Why I’m not upgrading to Snow Leopard (yet)
[Update 10/28/09, I’ve upgraded to Snow Leopard and Lyx works fine if, as a commenter suggested, you “get info” then click the “Rosetta” option. I’ve had no other issues with Snow Leopard and can recommend it, even for people who use Lyx a lot].
[Update 12/7/09, The current version of Lyx works fine running as Intel native].
| Gabriel |
Snow Leopard was primarily aimed at cutting out the kruft and both speeding up key apps (e.g., a much faster Finder and Mail client) and providing opportunities for application developers to get even more juice out of it in the future (e.g., Grand Central and OpenCL). I think it’s totally laudable that Apple (and for that matter, Microsoft with Windows 7) is taking a step back from the relentless march of bloatware to emphasize core performance issues and take advantage of new hardware architecture (esp. multicore and big GPUs). Unfortunately this low-level stuff can create some incompatibilities, especially if there is a debate between the OS and app developer over API standards or the app developer just decided to ignore API standards.
The issue that kills it for me is that Lyx is unstable under OS X 10.6. So my choices are to a) give up Lyx and write raw LaTex b) run Lyx in a Ubuntu virtual machine or c) hold off on upgrading to Snow Leopard until Lyx gets patched, which should take a few months because this is low-level stuff and their team doesn’t have many Mac people. (Note that I’m not complaining, the Lyx team is generally very good about providing up-to-date Mac binaries rather than the usual thing of just directing you to the gruesome twosome of Fink+X11). Although it breaks my geeky heart, the obvious answer is “c, stick with 10.5 for now.” I’d consider the virtual machine work-around for something I use once in awhile, but I use Lyx several hours a day and that’s just too much hassle / performance hit to deal with.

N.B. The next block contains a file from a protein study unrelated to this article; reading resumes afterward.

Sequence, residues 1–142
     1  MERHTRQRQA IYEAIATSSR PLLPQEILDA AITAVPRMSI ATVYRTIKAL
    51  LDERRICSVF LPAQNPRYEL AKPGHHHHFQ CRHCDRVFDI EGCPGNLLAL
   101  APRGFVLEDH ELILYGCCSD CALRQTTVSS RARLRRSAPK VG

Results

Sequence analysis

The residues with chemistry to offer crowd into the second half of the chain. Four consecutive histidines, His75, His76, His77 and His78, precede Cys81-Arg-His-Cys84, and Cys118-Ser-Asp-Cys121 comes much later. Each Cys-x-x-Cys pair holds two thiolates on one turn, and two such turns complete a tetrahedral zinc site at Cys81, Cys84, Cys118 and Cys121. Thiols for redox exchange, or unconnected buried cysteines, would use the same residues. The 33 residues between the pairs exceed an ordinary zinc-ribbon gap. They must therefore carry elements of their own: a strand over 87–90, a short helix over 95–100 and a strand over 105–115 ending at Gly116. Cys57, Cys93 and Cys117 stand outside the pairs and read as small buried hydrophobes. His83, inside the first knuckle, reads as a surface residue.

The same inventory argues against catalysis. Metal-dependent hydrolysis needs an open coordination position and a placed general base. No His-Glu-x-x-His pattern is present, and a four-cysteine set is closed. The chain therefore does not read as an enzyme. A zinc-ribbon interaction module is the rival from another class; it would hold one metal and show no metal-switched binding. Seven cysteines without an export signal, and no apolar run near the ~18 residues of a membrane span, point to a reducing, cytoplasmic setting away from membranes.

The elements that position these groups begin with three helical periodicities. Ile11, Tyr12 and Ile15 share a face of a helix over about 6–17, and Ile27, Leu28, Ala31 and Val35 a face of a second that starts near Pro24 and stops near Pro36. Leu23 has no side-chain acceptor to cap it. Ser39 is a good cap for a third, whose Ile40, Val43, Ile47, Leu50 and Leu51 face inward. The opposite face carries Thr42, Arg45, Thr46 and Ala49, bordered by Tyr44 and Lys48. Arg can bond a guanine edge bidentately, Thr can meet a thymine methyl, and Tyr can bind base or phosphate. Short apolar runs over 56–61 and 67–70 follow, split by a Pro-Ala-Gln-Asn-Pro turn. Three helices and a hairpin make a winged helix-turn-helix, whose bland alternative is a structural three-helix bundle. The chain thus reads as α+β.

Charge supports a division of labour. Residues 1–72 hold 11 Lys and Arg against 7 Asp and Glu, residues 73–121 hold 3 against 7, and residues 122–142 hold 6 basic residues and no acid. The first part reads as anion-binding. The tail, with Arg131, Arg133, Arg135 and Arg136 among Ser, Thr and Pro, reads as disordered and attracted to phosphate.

Fortunately Stata (10 and 11), TextWrangler, TextMate, Smultron, R, and Crossover are all reported to work perfectly. If you don’t use Lyx (or anything else that’s buggy under 10.6, like SPSS 17), it’s probably a good idea to upgrade as it looks like a great version of the OS. However if it would break your favorite app, just wait it out. This especially makes sense given that all you’re getting right now is fairly small things like a faster Finder, better VPN+Entourage support, and snazzier QuickTime — the really amazing features of 10.6 (OpenCL+GrandCentral) won’t actually do anything until application developers rewrite their code to take advantage of them.